Joe: Every square inch inside and out was thoughtfully cared for down to the smallest details. When we milled the wood from the trees, dried it, planed and stained it, it revealed this beautiful interior, with unique lines, marbling and knots, that would otherwise never be seen. Now those planks adorn our Live Room’s twenty-foot walls and people are really wowed by it. I feel like that’s what music does, it exposes who we are on the inside. It tunes us into another frequency altogether.
How Would You Describe Your Music and Creative Process?
Karyn: Our themes tend to be meditative and of a spiritual nature, influenced largely by Eastern wisdom, and going beyond the physical plane’s duality of darkness and light. Our music focuses a lot on death, which people often interpret as macabre, but it’s such a beautiful part of life; without death, there wouldn’t be life. There’s a universal connection to darkness; everyone experiences loss and sorrow, but we want to help people put their sorrows to rest at a funeral, so to speak. In letting go, there is permission to live life more fully. Our song, The Mighty Factory of Death, is about the gift of death. As one cycle ends, it brings respite followed by rebirth. In a sense, we live this out each day as we begin again. Playing with concepts of life and death, and not taking it all so seriously helps us look beyond the material world and keep things in perspective. It’s a common theme we like to explore, but from a light hearted and curious perspective rather than gloom and doom.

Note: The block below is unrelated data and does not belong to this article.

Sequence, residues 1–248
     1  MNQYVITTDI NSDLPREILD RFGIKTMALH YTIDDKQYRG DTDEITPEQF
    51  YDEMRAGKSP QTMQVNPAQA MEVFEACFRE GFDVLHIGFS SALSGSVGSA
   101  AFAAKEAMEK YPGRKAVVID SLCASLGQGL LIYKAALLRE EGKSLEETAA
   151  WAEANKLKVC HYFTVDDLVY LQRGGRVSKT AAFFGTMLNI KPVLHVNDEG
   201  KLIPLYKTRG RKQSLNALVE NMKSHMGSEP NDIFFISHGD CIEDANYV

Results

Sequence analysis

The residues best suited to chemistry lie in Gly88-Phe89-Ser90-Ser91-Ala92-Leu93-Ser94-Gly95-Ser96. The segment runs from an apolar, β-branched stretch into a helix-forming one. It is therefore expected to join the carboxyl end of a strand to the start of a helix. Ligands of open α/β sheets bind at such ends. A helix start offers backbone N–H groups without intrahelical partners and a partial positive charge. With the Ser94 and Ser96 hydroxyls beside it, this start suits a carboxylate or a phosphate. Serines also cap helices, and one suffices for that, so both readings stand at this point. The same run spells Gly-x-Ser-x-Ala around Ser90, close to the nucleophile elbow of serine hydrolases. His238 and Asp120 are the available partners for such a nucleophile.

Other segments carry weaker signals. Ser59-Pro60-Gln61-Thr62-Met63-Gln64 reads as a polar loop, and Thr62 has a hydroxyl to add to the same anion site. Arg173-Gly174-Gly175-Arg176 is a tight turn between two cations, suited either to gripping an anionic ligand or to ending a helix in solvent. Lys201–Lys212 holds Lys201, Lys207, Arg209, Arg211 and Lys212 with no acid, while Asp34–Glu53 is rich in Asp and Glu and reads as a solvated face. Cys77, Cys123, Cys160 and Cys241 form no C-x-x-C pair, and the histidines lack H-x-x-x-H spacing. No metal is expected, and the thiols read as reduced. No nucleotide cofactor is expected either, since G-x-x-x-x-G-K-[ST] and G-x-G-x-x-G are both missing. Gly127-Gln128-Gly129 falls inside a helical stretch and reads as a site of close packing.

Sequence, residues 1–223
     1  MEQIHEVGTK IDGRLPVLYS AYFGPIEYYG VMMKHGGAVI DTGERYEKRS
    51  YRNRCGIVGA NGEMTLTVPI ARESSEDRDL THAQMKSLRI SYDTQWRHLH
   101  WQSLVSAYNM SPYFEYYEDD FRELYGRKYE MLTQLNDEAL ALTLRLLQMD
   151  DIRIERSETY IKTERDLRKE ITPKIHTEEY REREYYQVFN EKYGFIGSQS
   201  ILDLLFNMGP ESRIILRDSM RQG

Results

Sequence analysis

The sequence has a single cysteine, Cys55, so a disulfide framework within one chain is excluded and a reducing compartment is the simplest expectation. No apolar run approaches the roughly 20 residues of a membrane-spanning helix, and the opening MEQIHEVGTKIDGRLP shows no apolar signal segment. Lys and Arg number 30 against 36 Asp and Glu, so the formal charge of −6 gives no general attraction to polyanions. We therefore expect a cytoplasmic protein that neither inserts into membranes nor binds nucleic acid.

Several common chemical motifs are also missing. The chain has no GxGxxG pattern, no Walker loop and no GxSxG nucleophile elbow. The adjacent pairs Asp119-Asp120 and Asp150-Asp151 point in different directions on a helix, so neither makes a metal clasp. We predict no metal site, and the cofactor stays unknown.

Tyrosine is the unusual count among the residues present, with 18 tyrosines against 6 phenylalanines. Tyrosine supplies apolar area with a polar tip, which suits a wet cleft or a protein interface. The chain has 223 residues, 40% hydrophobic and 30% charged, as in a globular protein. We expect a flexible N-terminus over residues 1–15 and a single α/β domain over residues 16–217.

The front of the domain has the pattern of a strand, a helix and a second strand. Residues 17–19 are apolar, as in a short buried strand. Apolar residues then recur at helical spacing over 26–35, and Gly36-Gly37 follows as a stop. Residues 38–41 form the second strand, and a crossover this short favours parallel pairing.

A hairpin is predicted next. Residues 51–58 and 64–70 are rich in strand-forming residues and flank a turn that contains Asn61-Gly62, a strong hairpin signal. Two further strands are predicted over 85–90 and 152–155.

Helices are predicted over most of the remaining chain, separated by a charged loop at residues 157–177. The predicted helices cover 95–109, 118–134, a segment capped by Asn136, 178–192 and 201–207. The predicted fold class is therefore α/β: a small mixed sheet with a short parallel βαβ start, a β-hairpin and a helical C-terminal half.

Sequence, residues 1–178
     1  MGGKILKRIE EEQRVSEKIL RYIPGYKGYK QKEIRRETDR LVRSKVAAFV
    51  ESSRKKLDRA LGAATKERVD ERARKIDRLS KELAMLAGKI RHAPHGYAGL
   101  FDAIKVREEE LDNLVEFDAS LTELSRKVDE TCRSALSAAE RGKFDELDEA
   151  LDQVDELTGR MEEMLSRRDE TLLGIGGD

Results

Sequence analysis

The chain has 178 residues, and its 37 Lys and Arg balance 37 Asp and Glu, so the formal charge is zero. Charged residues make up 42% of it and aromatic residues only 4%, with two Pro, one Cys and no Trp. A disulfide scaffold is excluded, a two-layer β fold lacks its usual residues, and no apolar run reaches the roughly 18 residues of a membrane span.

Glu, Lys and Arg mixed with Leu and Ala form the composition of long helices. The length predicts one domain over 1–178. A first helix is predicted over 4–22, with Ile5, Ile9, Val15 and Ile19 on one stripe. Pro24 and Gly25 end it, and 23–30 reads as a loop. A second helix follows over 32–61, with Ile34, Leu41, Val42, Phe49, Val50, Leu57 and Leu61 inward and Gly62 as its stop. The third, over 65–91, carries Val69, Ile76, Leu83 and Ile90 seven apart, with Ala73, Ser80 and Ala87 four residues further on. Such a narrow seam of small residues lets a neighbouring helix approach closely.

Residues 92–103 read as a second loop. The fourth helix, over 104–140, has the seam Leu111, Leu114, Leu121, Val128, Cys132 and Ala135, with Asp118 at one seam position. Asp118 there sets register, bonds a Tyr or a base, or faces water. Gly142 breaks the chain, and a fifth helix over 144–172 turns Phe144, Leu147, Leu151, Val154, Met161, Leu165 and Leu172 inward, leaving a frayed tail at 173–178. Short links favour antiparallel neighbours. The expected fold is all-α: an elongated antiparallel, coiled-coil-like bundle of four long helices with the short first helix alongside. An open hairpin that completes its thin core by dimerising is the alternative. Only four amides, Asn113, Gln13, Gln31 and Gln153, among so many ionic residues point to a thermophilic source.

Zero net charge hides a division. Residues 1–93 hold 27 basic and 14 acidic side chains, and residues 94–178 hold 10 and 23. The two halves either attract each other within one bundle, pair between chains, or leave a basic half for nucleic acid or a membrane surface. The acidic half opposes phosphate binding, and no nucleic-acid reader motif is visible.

Joe: We hope our music draws listeners in and invites them to experience something. Our songs are like meditations; they bring up an idea and then just go with it. In songwriting, if your idea is too literal or specific, it’s hard for people to connect with and it’s like a constantly moving target. So we make our music more contemplative and ethereal. Art comes from the person witnessing it, rather than the art itself. When we witness art, it’s something in our minds and no longer just the thing that was created.